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UVA Student, Hackers Crack Credit Card Security Code

From WAVY
March 2, 2008

CHARLOTTESVILLE, Va. (AP) -- An encryption code used to protect billions of credit cards, subway passes and security badges is safe no more.

A University of Virginia graduate student and two fellow hackers say they have cracked the code used for tiny chips found inside many "smartcards" with readily available equipment that cost less than $1,000.

Twenty-six-year-old Karsten Nohl and his two German partners dismantled the chip and mapped out its secret security algorithm. They ran the formula through a computer program and broke the encryption after a few hours.

"I don't want to help attackers, but I want to inform people about the vulnerabilities of these cards," said Nohl, a Ph.D. candidate in computer engineering at U.Va. who is originally from Germany.

The wireless chips found inside credit cards, car keys, security keycards and subway passes use technology known as radio-frequency identification. Cracking the code would allow a criminal to clone credit cards, get free subway rides, gain access to buildings or steal cars.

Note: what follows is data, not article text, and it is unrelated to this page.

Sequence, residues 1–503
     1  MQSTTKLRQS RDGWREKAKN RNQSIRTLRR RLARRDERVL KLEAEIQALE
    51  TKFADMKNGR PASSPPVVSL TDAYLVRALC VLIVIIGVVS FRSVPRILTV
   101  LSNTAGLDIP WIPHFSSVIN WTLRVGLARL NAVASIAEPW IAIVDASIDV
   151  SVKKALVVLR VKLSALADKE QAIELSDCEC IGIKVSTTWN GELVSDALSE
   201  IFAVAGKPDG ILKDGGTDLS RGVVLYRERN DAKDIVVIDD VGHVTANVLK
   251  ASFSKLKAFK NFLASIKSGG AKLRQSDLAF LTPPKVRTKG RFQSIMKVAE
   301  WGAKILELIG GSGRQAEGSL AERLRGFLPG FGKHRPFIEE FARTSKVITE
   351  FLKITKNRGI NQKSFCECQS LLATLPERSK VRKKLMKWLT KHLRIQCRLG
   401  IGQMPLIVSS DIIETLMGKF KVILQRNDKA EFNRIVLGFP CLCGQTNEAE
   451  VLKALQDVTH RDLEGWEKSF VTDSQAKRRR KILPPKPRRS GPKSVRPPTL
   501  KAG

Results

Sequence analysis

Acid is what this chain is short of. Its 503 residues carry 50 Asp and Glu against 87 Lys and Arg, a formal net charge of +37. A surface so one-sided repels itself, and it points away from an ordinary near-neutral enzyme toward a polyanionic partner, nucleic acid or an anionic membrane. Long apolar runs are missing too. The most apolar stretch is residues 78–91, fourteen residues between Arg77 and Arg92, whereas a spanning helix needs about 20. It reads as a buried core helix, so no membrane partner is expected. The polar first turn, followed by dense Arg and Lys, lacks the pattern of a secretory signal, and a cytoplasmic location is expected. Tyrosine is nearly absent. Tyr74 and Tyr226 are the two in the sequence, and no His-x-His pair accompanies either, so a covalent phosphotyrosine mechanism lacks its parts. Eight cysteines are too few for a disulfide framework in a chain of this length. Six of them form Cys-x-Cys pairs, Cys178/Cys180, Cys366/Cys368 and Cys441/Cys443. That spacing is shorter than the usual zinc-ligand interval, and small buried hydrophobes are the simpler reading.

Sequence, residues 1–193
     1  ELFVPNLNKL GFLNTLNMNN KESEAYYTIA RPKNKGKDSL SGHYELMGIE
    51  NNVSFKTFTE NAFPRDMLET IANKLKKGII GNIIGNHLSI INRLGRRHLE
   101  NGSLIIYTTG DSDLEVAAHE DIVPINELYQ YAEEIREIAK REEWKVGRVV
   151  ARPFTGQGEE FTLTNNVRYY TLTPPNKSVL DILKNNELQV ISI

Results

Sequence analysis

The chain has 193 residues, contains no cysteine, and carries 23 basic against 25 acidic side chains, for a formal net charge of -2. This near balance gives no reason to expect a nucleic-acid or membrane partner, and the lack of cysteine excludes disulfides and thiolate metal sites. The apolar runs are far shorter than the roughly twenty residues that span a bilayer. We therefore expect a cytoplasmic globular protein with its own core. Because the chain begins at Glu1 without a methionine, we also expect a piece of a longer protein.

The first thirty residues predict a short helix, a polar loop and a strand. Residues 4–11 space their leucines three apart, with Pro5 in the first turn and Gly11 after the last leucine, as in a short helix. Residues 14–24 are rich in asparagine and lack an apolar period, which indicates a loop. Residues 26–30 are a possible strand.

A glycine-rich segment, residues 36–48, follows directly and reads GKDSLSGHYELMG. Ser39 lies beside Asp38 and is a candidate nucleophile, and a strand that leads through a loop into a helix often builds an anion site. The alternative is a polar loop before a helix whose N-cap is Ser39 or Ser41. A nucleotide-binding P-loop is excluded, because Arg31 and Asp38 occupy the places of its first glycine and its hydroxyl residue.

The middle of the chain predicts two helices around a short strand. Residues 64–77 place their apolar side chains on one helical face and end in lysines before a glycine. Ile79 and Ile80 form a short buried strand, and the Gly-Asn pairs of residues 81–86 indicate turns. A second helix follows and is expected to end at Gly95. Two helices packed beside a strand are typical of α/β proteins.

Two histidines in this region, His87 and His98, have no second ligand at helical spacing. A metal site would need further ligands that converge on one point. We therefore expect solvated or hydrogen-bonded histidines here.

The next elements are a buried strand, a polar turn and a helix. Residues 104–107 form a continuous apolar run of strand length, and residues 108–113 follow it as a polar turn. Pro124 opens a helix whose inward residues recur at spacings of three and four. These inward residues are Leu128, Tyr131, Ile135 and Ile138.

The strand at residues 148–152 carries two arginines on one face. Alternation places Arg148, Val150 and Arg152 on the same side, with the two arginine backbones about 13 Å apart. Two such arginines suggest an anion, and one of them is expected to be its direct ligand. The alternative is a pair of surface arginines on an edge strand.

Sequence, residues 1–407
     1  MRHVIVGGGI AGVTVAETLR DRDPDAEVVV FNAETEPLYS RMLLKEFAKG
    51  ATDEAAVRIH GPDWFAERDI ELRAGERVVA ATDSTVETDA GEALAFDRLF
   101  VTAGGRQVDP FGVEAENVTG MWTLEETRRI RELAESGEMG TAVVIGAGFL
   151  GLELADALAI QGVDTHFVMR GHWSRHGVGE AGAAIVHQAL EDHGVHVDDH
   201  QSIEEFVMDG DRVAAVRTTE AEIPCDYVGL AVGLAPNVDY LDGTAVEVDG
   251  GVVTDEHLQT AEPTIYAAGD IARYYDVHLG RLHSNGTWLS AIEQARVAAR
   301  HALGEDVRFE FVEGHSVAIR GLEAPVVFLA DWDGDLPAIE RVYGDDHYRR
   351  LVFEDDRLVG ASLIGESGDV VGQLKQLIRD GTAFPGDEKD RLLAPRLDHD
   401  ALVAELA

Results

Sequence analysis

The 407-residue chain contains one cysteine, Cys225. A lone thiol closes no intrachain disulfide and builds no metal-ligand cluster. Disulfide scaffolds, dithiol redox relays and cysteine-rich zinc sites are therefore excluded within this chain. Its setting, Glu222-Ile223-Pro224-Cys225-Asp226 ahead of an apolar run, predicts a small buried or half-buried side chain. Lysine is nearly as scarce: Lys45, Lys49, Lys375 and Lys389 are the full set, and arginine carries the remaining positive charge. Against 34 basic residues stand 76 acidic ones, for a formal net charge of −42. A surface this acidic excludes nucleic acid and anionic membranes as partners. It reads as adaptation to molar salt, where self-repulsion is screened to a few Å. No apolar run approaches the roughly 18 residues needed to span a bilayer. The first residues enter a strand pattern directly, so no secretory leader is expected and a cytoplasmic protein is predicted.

Nohl and his colleagues announced their findings at the Chaos Communications Congress in Berlin, an annual worldwide convention of hackers.

While they are not releasing the details of how they beat the chip's security code, Nohl said if they could defeat the code, it is possible that criminals might also have done so.

The chip Nohl breached is manufactured by NXP Semiconductors, a Netherlands company formerly affiliated with the electronics firm Philips.

Manuel Albers, director of regional marketing for North and South America for NXP, disputed the claim, saying Nohl and his partners obtained only a portion of the cryptographic algorithm.

The company has been in contact with Nohl and his team and is reviewing their findings.

"We constantly improve and review our products to make sure it's up to snuff with the latest security threats," Albers said.

Projects such as hacking the security code is the "evil twin" of Nohl's regular research, he said, which focuses on the development of cryptographic algorithms for computer security.

Exposing security flaws through hacking helps ensure that future products are more secure, said Nohl's faculty adviser, David Evans, an associate professor in U.Va.'s School of Engineering and Applied Science.


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